Out of Office: September 2017

Out of Office: September 2017

What to do in your downtime this month.

Eyewitness Views:
Making News in 18th-century Europe

Before photography and video saturated the news stream, those who wanted a visual depiction of current events had to rely on the skills of so-called “view” artists—painters who observed and recorded historical events and scenes on canvas. The Minneapolis Institute of Art’s big fall exhibit features 50 works of art from such famous view painters as Canaletto, Bellotto, Panini and Guardi, many of which are being shown in the U.S. for the first time.
Sept. 10-Dec. 31, Minneapolis Institute of Art, 612-642-2787, artsmia.org

The Taj Mahal and Keb’ Mo’ Band

Recently, blues legends Taj Mahal and Keb’ Mo’ joined forces to record an album, TajMo, which they are now supporting with a major tour. If upbeat blues tinged with world music and gospel is in your wheelhouse, this concert is not to be missed. The term “TajMo” sums up the amazing degree to which these two blues giants complement each other, especially with a crackerjack band that includes two of Taj Mahal’s daughters as back-up singers. Reviews from early in the tour called the evening “two solid hours of unmitigated joy.”
Sept. 6, State Theatre, Mpls., 612-339-7007, hennepintheatretrust.org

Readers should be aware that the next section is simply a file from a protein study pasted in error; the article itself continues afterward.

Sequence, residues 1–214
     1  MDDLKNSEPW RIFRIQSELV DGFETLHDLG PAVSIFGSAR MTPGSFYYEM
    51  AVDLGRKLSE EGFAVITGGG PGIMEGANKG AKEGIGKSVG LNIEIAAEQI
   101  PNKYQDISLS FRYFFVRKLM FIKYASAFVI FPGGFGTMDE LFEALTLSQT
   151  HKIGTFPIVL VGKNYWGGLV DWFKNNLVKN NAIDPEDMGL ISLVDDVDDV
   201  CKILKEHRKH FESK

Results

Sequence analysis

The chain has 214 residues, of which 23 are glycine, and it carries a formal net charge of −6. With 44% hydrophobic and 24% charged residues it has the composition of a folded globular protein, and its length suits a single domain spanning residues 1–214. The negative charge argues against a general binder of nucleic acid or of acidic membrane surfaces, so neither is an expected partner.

The Nether

A hit in London’s West End, playwright Jennifer Haley’s The Nether plumbs the murky ethical depths of virtual reality as the distinctions between our actual and electronic worlds disappear. Framed as a sci-fi thriller, the play follows a detective who is investigating a disturbing form of virtual entertainment involving children and the basest of human desires, raising all kinds of questions about what should and shouldn’t be forbidden in the realm of virtual fantasy.
Sept. 16-Oct. 15, The Jungle Theater, Mpls., 612-822-7063, jungletheater.org

Watch on the Rhine

Published in 1941, in the middle of World War II, Lillian Hellman’s nuanced examination of the responsibilities of patriotism and the consequences of betrayal has been making a comeback for its perceived relevance to the increasingly tenuous politics of disruption unfolding today. Nazism is at the center of the action, to be sure, but the genius of her play is that it distills a globe full of angst into the small world of an average American family.
Sept. 30-Nov. 5., Guthrie Theater, Mpls., 612-377-2224, guthrietheater.org

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